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Pacquiao-Marquez Aftermath

by Joseph Pimentel/Asianjournal.com

The post-fight press conference after the Pacquiao-Marquez battle, in which Pacquiao won a narrow split decision, had as much fireworks as the two guys fighting inside the ring.

Top Rank President Bob Arum (Pacquiao’s promoter) yelled at Marquez’ trainer Ignacio Bernstein for criticizing the judge’s decision prompting Team Marquez to leave the conference feeling insulted by the rebuke.

The temper tantrums began when Golden Boy Promotions CEO Richard Schaeffer took the podium questioning the judge’s decision and asked for an immediate rematch. Arum said no, at least not for an immediate rematch.  Arum wants Pacquiao to fight David Diaz, who had won earlier that night, for his WBC Lightweight belt on a proposed date of June 28.

No Backing Off

Four days after the fight, Golden Boy Matchmaker Eric Gomez said they are still asking Arum to reconsider his plans.

“The reason why we [Golden Boy] were mad during the post-fight press conference is because he [Arum] totally shut the door on a rematch,” said Gomez at the Azteca Gym during the Michael Katsidis open media day workout. “Arum admitted that this was the most profitable fight ever for Manny… It was a great fight. I understand [Team] Marquez [for criticizing the judge’s decision]. It hurts to lose when it’s that close.”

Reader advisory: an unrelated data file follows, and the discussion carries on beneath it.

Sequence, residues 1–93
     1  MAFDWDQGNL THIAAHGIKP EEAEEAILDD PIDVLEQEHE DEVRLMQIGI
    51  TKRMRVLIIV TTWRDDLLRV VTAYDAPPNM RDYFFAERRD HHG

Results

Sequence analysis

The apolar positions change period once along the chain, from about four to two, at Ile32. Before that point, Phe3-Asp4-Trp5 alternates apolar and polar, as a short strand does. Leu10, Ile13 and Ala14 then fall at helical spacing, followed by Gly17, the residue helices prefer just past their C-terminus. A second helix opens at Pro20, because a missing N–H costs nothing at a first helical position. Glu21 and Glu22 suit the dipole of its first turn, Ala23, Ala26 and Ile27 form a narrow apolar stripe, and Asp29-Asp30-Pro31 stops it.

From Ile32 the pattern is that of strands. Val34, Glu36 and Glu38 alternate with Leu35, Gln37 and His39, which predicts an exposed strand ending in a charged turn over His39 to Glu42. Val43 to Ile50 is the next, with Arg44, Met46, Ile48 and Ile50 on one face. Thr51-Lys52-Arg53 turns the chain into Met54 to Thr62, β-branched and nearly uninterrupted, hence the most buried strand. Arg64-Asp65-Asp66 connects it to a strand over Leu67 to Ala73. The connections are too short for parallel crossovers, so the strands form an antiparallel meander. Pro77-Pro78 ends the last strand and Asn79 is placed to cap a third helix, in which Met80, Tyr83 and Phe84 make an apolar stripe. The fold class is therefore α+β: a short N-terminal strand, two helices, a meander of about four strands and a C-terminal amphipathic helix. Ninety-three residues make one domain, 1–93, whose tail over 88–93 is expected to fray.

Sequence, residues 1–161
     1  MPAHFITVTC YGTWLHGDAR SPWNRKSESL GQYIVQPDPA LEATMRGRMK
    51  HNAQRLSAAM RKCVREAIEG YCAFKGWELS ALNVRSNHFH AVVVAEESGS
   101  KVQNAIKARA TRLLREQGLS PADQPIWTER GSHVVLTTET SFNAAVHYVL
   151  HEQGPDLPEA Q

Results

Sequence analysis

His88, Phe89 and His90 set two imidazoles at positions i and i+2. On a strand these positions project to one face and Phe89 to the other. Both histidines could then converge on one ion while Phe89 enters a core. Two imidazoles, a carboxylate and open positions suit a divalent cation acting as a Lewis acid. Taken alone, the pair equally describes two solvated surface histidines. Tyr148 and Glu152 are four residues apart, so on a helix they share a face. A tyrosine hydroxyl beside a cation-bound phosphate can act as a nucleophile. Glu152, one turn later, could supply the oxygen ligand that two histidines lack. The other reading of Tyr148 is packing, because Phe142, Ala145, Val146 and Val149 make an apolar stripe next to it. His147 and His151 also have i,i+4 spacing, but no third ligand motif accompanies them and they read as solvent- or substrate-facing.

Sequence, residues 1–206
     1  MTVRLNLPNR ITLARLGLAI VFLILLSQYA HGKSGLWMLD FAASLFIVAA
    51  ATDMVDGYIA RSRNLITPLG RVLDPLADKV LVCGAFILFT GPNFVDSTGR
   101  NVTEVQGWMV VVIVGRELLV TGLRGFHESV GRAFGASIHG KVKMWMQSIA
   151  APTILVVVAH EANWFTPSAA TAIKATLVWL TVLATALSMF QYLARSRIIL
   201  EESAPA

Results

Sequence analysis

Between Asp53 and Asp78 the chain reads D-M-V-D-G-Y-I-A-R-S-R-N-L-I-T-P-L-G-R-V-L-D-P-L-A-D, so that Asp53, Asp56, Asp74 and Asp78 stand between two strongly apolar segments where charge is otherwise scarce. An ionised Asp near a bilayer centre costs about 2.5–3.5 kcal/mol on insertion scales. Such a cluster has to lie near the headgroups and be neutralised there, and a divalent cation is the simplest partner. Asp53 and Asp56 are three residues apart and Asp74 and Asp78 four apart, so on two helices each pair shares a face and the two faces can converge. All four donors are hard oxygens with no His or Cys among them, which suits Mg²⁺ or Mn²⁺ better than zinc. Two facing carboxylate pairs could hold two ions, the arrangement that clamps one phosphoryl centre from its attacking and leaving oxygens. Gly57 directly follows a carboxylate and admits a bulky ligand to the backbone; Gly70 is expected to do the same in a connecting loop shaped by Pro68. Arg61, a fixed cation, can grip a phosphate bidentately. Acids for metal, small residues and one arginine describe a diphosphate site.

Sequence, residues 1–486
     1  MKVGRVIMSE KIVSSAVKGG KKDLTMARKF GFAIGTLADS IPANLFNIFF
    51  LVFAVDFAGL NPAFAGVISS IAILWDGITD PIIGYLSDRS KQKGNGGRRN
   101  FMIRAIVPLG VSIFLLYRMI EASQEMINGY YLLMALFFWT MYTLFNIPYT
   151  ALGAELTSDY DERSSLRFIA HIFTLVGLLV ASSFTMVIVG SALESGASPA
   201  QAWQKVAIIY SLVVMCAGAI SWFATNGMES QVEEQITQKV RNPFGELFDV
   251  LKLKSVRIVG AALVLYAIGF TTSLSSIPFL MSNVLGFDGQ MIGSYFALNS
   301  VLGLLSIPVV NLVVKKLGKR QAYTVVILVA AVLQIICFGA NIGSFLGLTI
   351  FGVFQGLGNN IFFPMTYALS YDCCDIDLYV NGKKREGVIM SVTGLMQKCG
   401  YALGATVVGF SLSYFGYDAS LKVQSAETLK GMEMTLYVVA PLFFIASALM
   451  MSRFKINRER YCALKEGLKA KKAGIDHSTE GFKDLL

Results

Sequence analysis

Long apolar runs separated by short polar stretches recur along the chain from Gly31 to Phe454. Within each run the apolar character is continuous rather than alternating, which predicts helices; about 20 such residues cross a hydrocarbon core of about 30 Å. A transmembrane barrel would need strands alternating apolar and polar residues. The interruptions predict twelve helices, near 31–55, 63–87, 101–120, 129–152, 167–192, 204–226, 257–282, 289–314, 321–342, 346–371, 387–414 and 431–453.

Golden Boy to the Philippines

Gomez and members of the Golden Boy staff are preparing for a trip to the Philippines next week. Golden Boy along with ALA Boxing is promoting Gerry Penalosa’s mandatory title defense. The WBO Bantamweight Champion faces off against Ratanachai Sor Vorapin of Thailand at the Araneta Coliseum in Manila on April 6.

The undercard also features members of the Philippine World Cup of Boxing Team that won against Team Mexico last year.

“It is a reunion of the World Cup,” said Gomez. “[Rey] Boom Boom Bautista, AJ Banal, Michael Domingo will all be in the undercard.”

FilAms could watch the boxing event on ABS-CBN or The Filipino Channel. Also, set to make an appearance in the Philippines for that fight is Daniel Ponce De Leon, who bested Penalosa in a unanimous decision win and knocked out Bautista.

“If all things go correctly, we’d like to fight Penalosa then give Bautista another chance,” said Ponce De Leon Advisor Joe Hernandez. “We don’t mind going to the Philippines and fighting any of them.”

Friend of the Filipino

Australian WBO Interim Titleholder Michael Katsidis, the former Philippine World Cup of Boxing Team Captain, defends his title against Joel Casamayor at the Morongo Resort and Casino on March 22. Last year, Katsidis fought against Boholano Czar Amonsot in a brutal battle that left both fighters in the hospital after the match. Since then, Katsidis has grown an affinity for the Philippines and the country’s boxers.

“Filipinos are just great wonderful people,” said Katsidis during the open media day workout in Los Angeles. “I’ve been sparring with some of them at the Wildcard Gym. They’ve been helping me train. If I win, I give them the credit for helping me prepare for this fight.”